Sunday, September 09, 2012
John Roberts, The Intangibilities of Form: Skilling and Deskilling in Art After the Readymade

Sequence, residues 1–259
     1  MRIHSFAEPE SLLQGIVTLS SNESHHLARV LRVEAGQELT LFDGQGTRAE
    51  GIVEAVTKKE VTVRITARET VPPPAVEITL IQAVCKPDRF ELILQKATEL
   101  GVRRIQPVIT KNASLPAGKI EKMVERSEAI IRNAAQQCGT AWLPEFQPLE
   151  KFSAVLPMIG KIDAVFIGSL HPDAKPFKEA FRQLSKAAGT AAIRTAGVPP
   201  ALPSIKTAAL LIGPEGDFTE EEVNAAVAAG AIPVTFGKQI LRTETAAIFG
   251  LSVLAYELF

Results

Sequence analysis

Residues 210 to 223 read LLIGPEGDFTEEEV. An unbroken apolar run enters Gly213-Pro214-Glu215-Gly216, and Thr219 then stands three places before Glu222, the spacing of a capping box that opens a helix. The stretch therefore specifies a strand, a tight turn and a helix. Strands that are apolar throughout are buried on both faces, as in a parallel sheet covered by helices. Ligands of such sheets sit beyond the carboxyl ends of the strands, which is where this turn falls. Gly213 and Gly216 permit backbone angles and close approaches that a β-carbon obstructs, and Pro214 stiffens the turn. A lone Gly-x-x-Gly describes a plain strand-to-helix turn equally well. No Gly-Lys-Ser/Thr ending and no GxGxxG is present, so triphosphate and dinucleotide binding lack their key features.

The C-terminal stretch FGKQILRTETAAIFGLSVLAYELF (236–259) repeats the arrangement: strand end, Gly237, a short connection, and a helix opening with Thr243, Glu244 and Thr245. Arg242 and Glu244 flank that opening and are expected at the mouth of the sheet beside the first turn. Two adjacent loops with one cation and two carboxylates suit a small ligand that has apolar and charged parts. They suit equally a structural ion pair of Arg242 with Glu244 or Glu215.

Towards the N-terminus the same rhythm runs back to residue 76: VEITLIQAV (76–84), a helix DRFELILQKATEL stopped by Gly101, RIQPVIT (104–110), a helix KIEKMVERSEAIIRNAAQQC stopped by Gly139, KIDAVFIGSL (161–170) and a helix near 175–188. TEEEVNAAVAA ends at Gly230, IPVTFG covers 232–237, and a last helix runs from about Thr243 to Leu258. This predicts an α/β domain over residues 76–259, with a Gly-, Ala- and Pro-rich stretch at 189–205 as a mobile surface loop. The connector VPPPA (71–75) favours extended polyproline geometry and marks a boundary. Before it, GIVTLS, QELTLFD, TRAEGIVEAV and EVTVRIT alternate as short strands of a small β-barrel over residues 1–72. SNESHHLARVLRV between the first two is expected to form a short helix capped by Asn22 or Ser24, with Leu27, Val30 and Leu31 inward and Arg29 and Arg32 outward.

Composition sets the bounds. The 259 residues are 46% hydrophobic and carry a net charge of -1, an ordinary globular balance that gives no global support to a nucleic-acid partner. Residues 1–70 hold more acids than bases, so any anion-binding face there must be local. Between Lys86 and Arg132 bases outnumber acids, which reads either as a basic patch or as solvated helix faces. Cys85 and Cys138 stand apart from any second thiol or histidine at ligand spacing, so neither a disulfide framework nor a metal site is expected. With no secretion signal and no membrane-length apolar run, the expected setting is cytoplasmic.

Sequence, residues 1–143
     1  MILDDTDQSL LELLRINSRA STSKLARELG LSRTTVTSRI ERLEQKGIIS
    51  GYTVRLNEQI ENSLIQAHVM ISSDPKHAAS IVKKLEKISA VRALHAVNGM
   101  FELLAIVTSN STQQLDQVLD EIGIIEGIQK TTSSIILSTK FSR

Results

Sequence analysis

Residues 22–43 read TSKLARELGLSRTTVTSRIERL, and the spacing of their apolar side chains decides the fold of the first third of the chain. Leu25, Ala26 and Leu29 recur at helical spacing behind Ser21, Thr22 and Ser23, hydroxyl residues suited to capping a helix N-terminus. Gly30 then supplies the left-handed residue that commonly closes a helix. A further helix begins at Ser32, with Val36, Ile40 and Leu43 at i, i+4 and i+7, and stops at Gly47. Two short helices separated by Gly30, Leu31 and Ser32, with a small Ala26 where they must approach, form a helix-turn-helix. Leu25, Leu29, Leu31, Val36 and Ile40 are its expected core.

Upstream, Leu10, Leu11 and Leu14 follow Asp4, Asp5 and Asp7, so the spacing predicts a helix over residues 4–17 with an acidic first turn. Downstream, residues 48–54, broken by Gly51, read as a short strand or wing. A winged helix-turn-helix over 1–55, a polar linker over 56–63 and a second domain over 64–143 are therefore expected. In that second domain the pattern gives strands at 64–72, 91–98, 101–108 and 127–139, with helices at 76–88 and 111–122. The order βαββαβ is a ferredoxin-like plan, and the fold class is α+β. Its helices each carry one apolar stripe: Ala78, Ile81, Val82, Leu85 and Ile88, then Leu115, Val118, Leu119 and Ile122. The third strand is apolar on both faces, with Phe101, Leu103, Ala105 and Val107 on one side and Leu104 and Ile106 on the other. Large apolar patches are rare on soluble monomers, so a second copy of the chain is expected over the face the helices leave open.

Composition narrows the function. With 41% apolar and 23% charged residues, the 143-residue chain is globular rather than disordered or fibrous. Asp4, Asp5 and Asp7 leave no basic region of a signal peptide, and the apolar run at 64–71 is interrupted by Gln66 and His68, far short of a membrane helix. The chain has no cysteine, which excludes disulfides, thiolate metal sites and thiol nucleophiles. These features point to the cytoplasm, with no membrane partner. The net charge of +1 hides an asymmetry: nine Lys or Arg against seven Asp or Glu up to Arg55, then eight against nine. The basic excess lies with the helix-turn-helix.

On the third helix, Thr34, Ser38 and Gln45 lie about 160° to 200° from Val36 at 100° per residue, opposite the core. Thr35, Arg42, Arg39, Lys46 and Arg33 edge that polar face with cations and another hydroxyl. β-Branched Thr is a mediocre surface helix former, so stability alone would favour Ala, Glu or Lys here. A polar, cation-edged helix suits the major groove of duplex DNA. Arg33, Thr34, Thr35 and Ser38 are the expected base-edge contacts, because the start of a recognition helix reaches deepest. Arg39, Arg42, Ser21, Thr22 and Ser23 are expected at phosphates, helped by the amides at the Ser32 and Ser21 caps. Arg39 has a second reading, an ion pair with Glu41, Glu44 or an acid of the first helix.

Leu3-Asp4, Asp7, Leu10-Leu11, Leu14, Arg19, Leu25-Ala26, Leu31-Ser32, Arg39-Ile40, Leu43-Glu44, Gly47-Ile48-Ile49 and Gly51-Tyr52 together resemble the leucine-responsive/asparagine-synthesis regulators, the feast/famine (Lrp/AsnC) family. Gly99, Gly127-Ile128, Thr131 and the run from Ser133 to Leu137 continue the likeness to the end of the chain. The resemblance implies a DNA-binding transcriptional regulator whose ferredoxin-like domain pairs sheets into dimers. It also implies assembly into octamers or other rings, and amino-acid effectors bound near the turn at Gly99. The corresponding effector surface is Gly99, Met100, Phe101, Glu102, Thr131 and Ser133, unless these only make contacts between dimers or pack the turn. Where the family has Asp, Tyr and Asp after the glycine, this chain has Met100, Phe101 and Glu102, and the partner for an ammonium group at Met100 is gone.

"Copying or replication in art is not an inert practice, the repetition of the prototype, but the very means by which art provides a new successor to its chosen antecedent. Thus, the reworking or incorporation of extant materials is as much a means of sustaining what is thought to be authentic and critical, as it is a way of trying to replicate or 'steal' what is felt to be the aura of the image or object in question. In this respect copying clearly needs to be distinguished from plagarism or pastiche proper given their association with traditional craft, and of passing one thing off in the style or manner of another. Whereas the latter replicates the admired precedent as an act of indebtedness, the former takes the likeness of [a] thing in order to inscribe it, or reinscribe it, in a critical tradition or novel context. Copying in this sense, therefore, is never strictly copying, never flat mimesis, because it is able to reanimate the thing replicated. Or, as Kant puts it, mimesis can be divided into two modes: nachahmen, which is merely a form of reproduction, and nachfolgen, which is transformative and creative. This is why the act of selecting and presenting a readymade [...] is always a creative act. Reproduction becomes a form of creative re-presentation, or reenactment, insofar as it brings the thing reproduced to life, or rather, releases it from its previous identity."

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